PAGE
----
Innovative experimental techniques will also play a vital role in improving catalysis. Ultra-fast lasers, which emit bursts of light quicker than atoms move, now allow real-time tracking of catalytic processes in action. By using laser and other spectroscopic methods to identify the elusive transition states between reactants, products and catalysts, scientists aim to improve catalyst design and efficiency significantly. Automation also has the potential to revolutionize catalyst discovery: using high-throughput combinatorial synthesis, robotic instruments can screen the activity of large collections of different catalysts and hence speed up the identification of promising catalysts.
Biology continues both to inspire and to challenge catalysis researchers. For example, many processes in nature are regulated by interconnected catalytic networks that carefully switch chemical pathways on or off3. Organizing catalysts into such controlled systems, however, remains difficult. Another way in which researchers emulate nature is through directed evolution of biocatalysts in test tubes (Fig. 1)4. By subjecting enzyme-coding DNA sequences to iterative rounds of mutagenesis, screening and selection, it is possible to generate biocatalysts that are able to perform specific chemical duties such as selective oxidation of hydrocarbon chains.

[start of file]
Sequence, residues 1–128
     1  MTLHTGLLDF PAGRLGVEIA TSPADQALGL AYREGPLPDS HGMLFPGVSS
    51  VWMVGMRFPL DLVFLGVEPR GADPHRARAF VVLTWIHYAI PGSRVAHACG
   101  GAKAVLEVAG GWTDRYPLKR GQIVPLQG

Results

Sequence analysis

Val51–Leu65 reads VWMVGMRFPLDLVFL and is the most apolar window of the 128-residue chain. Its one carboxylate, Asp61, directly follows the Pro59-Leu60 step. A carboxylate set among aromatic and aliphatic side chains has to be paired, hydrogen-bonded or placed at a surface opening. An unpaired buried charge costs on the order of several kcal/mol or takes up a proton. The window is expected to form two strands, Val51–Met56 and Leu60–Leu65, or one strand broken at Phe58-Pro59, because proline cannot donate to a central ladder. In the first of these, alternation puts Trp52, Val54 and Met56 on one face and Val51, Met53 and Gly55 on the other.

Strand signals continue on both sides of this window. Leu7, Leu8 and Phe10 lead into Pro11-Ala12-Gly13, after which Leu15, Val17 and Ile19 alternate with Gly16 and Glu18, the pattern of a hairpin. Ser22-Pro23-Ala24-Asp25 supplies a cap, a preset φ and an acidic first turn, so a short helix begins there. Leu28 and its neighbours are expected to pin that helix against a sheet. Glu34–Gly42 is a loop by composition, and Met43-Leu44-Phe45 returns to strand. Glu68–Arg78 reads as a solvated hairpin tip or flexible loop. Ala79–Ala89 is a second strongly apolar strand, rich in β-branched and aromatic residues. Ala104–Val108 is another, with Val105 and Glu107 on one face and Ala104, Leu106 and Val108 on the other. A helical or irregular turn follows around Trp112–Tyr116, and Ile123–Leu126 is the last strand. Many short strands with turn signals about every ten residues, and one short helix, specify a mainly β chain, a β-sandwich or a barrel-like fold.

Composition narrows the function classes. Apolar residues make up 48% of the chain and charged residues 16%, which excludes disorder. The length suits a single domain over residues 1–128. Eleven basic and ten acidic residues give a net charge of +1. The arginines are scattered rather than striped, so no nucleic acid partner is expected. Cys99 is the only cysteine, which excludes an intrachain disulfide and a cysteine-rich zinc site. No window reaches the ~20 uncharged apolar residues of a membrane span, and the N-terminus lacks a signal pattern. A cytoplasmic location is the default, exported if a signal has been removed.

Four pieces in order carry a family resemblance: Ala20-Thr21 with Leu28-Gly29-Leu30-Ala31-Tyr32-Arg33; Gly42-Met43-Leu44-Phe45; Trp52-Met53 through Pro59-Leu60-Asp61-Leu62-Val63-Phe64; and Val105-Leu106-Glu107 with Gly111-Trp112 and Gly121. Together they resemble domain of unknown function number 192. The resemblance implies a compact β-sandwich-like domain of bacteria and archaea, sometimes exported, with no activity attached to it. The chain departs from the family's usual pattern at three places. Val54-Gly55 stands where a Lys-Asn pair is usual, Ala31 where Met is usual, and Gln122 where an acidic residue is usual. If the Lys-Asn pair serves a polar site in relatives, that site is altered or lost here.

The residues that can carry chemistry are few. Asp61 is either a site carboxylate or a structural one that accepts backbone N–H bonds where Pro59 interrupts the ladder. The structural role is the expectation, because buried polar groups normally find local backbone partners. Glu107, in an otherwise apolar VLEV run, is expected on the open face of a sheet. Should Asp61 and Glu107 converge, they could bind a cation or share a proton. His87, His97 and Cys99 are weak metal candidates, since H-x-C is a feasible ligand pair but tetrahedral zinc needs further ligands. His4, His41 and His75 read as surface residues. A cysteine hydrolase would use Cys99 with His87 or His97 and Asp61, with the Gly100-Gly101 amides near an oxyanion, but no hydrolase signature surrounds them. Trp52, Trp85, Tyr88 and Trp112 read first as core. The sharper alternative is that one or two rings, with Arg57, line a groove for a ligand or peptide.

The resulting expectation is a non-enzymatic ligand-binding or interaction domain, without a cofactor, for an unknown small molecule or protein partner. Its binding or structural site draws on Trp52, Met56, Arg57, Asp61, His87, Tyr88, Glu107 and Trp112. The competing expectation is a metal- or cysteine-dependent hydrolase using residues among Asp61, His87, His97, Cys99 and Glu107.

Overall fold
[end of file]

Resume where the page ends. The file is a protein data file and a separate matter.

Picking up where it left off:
The emerging field of organocatalysis seeks to improve upon natural catalytic systems by replacing, for example, entire protein chains with small organic molecules that mimic the active sites and hydrogen-bonding properties of larger biological entities5. Whether such molecules can be endowed with other desirable attributes of biocatalysts, such as molecular switching or allosteric control, remains to be seen.
Because good catalysts must survive many process cycles, intrinsically stable noble metals, such as ruthenium and gold, play important roles in both homogenous and heterogeneous catalysis6. Nature, by contrast, has developed extraordinarily selective catalysts that are free of noble metals. Can researchers find cheap, robust and industrially viable alternatives that can take over the role of increasingly scarce noble metals7?
A primary objective of heterogeneous-catalysis research is unravelling the secrets behind the adsorption, activation and desorption processes occurring on metal and metal oxide surfaces. Scanning tunnelling microscopy represents one way in which to achieve this goal; for example, recent studies revealed that platinum covered with a thin iron oxide film acts as a better catalytic converter than clean platinum (Fig. 2)8,9. Such unexpected results demonstrate that improved analytical tools can produce more rational catalyst designs.